“The State Board of Ed has not, to date, seriously considered the financial burden on district operations or on families’ pocketbooks when they're forced to seek additional child care,” CCSD lobbyist Patricia Haddad said at the meeting.
She also raised concerns about language in the draft directing school districts to survey their community on the proposed regulation after the fact when “it'll be too late to change anything as the damage will essentially already have occurred.”
In a submitted written comment, the Education Support Employees Association — the union that represents CCSD support staff — asked the board to pause its efforts so it can work to address the potential ramifications.
“It seems irresponsible to impose this unfunded mandate, especially without knowing the impact it will have,” the union wrote. “High school students could end up walking 5 miles and will need to leave earlier which negates the later school start time. Some students will choose to just not attend if it comes down to walking five miles.”
The board heard similar concerns in written comments from Rick Harris, executive director of the Nevada Association of School Boards, Lincoln County School District Superintendent Pam Teel, and several students from Spring Creek High School in Elko County. Students there start school at 7:15 a.m. and end at 3 p.m.
One student, George Thomas, said after school, he goes to cross-country practice and gets home around 5:30 p.m., which already leaves him and his friends with little free time outside of school.
“We already stay up until around 11 every night and adding 45 minutes will not help,” he said.
Board Vice President Katie Dockweiler, who led the meeting in Board President Felicia Ortiz’s absence, said while school districts aren’t in favor of the proposed regulation, “the majority of the public comment that we've received from parents and students has been favorable.”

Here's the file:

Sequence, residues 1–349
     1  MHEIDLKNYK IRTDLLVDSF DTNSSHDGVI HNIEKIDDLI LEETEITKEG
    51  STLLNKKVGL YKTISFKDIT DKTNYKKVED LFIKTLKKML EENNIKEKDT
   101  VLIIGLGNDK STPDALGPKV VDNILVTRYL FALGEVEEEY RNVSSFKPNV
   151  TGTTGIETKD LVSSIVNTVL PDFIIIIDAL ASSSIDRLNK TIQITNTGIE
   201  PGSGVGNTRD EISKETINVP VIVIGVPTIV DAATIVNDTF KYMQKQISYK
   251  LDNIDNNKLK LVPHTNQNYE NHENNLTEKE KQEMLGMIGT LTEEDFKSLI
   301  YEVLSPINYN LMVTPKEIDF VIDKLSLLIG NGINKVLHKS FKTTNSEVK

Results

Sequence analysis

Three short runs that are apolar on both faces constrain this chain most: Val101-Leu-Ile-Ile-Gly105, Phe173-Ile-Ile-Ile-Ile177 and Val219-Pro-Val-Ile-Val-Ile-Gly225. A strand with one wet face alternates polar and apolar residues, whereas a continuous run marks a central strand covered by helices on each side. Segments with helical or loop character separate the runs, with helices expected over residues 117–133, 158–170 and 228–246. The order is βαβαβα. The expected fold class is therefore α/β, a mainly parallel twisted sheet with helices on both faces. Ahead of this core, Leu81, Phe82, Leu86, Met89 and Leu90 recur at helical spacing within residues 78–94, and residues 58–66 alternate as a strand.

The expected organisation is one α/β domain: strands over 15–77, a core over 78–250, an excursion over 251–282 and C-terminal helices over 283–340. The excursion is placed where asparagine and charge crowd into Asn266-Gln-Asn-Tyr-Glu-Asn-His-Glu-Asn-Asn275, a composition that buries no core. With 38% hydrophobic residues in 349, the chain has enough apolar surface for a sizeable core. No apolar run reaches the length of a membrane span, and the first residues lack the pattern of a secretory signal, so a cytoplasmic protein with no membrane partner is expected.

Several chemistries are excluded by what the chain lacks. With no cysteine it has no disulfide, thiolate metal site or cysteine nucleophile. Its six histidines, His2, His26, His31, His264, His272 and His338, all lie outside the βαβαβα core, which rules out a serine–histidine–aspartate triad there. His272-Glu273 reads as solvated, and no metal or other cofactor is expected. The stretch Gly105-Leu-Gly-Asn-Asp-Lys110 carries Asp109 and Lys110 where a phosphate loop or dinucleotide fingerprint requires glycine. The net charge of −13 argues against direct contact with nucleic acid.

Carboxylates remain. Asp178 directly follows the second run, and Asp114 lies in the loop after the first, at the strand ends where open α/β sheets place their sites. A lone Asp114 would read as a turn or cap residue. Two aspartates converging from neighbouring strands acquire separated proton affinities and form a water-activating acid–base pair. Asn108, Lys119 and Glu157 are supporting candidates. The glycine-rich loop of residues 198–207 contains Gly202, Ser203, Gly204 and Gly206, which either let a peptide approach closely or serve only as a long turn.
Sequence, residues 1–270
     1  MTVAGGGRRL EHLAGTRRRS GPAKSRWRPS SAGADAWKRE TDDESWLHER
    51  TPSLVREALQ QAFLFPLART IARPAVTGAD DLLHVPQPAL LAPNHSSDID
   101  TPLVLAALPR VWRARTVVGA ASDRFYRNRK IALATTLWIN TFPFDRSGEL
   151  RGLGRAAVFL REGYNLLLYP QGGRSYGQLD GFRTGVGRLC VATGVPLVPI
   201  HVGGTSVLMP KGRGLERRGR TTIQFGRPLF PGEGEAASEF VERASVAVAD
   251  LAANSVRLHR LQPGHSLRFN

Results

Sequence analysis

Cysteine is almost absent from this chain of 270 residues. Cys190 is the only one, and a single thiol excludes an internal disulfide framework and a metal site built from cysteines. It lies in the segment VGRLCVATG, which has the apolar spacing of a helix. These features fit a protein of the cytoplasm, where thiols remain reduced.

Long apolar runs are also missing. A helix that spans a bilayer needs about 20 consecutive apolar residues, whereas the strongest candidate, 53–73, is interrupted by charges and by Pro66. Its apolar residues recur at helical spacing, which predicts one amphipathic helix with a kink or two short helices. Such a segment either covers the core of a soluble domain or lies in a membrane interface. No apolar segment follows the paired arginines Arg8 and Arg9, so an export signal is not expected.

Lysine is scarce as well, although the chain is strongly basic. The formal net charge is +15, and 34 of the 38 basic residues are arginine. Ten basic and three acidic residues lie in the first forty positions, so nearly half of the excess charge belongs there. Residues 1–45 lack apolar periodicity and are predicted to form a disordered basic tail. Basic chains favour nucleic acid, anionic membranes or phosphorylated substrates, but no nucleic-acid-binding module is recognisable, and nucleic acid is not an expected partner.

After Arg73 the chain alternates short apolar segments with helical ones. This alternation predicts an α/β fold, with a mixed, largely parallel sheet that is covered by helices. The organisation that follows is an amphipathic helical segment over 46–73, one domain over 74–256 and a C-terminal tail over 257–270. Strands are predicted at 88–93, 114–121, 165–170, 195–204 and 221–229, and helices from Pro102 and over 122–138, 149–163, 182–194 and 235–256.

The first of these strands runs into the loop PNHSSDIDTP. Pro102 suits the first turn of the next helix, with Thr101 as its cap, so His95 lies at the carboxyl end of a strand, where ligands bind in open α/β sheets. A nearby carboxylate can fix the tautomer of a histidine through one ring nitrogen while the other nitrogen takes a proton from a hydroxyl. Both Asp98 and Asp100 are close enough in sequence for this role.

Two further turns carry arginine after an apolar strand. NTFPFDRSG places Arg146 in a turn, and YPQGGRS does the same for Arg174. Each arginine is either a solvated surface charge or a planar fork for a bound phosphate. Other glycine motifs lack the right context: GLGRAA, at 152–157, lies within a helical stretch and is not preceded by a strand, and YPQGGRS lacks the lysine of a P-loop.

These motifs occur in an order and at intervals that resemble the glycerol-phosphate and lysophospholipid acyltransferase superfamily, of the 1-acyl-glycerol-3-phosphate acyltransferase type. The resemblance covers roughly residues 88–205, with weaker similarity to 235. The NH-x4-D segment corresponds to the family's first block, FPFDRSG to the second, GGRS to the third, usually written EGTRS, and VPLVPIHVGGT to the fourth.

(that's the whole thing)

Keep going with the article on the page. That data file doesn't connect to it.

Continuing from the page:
During the board’s discussion, board student member Michael Keyes cited a waiver that could be granted to certain schools that have challenges with complying with the regulation, and suggested Elko County School District could be eligible. The rural school district has a four-day school.
He added that his high school, Pahrump Valley, in the Nye County School District starts class at 8:15 a.m. and lets students out at 2:16 p.m. While he said he’s not involved in many after-school activities, he felt that students still have ample time for clubs, sports and other after-school activities.
“So this is possible. It's just a little difficult, and I think we can do difficult things,” he said.
Board member Tim Hughes suggested launching a statewide survey to collect more public feedback before the board forwards the draft regulation language to the Legislative Counsel Bureau. He also worries that the proposed regulation would lead to “unintended consequences” for elementary and middle schools.
Board member Maggie Carlton said while she isn't fully in support of the proposed regulation, she likes that it’s gotten more attention and said she would like to see it move forward while more data and feedback is being collected.
“This isn't the final word,” she said. “Regulations can be rewritten numerous times. I would hate to keep postponing this, because sooner or later, we’ve just got to get this done and do something else.”